Online electricity auction on the horizon

(l to r) Dr. Samira Sadaoui from the Department of Computer Science with her graduate student, Shubhashis Shil, in front of their online auction software. Photo - U of R Photography.

Temperatures during a Saskatchewan winter can drop to a frigid -35 C and colder, while sweltering summer days can raise the mercury to 30 C or higher.

Saskatchewan residents deal with these temperature extremes by bumping up their thermostats and increasing power use as furnaces and air conditioners work over time to keep us comfortable and safe.

Add to this the provincial goal of implementing 50 per cent renewable electricity generation by 2030 and the problem of how to obtain more renewable energy, particularly during peak load periods, begins to emerge.

Enter a collaboration between the provincial power company, SaskPower, and University of Regina researchers and the idea of an analytics project that imagines an auctioning tool as part of an innovation solution in the not so far off future.

“My graduate student, Shubhashis Shil, and I designed online auction software that allows for the buying and selling of electricity that is completely different from anything on the electricity market today,” says Dr. Samira Sadaoui, professor of computer science at the University of Regina.

“We gladly participated,” says John McKenzie, SaskPower’s director of Strategic Corporate Development. “We were interested in examining new technology that could become an option as we continue integrating more and more renewable power into Saskatchewan’s power grid.”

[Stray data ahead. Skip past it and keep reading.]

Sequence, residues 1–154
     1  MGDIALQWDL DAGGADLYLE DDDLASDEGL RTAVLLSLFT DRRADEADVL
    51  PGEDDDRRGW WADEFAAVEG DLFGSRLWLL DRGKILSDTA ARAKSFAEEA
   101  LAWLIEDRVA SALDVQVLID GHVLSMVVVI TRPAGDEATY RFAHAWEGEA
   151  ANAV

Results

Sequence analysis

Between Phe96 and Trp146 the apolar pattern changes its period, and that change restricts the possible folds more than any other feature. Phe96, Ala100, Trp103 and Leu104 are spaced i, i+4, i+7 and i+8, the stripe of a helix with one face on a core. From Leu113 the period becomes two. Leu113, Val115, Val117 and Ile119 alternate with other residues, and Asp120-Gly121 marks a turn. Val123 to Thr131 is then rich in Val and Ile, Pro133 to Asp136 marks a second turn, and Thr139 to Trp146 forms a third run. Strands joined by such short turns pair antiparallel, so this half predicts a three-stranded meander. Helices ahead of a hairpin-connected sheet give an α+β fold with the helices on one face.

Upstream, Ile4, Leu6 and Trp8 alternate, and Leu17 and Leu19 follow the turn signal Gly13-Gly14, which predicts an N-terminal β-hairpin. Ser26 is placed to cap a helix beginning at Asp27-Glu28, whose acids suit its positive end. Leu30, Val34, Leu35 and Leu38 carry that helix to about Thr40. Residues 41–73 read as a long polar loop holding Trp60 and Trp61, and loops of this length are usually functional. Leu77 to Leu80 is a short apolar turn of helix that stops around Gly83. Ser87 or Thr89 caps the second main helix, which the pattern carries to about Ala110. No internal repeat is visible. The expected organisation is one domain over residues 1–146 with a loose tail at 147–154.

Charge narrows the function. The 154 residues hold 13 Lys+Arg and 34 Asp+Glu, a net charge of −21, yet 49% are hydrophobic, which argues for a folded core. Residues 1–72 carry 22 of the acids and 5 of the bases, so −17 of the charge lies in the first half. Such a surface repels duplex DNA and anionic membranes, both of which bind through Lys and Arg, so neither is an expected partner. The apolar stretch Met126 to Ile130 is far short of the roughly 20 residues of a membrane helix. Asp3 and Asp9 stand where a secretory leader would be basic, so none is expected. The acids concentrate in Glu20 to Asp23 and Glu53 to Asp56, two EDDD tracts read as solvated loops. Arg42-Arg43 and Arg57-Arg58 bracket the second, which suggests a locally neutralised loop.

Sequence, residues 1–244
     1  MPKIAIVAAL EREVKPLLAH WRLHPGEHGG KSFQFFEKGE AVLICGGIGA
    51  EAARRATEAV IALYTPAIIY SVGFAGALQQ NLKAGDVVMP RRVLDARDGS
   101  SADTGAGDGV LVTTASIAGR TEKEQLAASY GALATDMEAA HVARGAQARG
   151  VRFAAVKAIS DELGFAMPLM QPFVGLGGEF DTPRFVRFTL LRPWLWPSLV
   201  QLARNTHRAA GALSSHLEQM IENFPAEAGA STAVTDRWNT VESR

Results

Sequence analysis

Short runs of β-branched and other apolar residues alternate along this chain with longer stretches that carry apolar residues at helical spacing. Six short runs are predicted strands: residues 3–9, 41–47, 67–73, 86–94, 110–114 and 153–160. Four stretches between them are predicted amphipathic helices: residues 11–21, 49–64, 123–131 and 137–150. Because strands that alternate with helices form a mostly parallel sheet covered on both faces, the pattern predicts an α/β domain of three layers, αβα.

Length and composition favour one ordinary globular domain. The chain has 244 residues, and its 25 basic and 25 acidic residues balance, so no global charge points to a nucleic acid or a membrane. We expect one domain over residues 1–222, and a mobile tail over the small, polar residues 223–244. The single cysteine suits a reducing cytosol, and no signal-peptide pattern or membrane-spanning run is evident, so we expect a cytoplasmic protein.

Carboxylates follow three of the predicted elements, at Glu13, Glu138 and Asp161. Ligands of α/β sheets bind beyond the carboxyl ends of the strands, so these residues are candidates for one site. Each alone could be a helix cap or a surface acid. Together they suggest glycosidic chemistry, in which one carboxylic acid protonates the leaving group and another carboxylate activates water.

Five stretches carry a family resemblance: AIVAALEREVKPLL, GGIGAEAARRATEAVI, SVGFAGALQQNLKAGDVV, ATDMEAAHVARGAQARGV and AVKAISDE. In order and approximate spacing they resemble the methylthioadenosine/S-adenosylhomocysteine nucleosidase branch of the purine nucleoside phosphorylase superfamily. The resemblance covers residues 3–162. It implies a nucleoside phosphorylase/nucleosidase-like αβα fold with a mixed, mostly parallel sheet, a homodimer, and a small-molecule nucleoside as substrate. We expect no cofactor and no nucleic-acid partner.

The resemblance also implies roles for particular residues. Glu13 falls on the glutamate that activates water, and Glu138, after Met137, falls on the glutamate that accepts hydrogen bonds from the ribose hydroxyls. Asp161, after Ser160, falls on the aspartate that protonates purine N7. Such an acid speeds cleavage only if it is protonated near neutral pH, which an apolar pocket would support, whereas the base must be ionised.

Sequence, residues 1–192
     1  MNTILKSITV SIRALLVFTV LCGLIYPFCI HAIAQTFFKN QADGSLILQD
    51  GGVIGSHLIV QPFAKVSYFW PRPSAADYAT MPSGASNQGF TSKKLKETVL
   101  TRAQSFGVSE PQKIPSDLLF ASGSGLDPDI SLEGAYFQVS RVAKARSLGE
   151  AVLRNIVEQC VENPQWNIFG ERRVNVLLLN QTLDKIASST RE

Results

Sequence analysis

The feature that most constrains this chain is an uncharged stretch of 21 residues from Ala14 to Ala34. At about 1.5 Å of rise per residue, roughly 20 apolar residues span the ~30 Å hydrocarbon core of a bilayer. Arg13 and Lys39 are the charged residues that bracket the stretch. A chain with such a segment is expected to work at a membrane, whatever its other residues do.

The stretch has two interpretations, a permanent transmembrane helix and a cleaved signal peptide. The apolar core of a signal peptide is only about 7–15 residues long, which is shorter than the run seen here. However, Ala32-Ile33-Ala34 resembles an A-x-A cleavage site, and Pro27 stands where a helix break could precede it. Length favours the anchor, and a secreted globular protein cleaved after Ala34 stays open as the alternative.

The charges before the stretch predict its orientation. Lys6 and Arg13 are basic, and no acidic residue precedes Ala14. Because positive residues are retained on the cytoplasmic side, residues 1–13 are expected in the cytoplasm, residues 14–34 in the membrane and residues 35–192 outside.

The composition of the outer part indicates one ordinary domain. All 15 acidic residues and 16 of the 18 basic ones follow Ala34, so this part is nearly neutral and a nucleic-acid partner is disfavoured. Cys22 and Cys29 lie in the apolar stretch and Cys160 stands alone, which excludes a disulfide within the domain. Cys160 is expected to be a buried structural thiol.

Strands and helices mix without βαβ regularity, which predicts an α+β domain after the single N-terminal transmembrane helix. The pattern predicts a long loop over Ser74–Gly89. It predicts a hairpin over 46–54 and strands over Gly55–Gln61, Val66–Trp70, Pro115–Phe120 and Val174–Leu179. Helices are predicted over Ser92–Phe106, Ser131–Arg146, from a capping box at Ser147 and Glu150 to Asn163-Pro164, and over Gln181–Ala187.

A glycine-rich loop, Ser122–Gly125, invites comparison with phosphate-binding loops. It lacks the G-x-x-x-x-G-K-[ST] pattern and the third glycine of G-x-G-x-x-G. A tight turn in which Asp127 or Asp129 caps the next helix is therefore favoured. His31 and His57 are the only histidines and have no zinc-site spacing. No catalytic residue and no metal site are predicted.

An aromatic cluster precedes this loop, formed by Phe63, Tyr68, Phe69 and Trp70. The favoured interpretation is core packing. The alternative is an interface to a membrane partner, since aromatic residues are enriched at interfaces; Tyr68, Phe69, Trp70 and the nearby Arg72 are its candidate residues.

While online power auctions aren’t new, integrating different power sources is – which, Sadaoui explains, is what makes her software innovative.

The three types of power sources that will be part of the bidding process are those with a controllable load, such as batteries, variable energy sources – such as wind and solar power – and other renewable energies, such as hydro and geothermal.   

“While each electricity supplier has its own constraints – for instance, variable energy is intermittent and difficult to forecast – this work could open the door to purchase from different sources at any time we would need to integrate renewable energy sources,” says McKenzie.  

Sadaoui says because the bidding will be open to different suppliers and types of energy it is a much more complicated system than something such as eBay where there is only one winner. In addition, consumers can get into the game by selling energy they generate from solar panels or store in batteries of their electric cars.

Once enabled, Sadaoui says an auction “app” could be made available on smart phones.
 
“The process of selling will be very easy for consumers,” says Sadaoui.

The system will also be attractive to industry.

“Another great outcome that may result from the auction is the development of new renewable technologies,” says Sadaoui.

McKenzie says that while the auction software is only a concept at this time, it is now an option that SaskPower and others will be able to consider for the power grid of tomorrow.

This research is supported by a National Sciences and Engineering Research Council of Canada (NSERC) Engage Grant.


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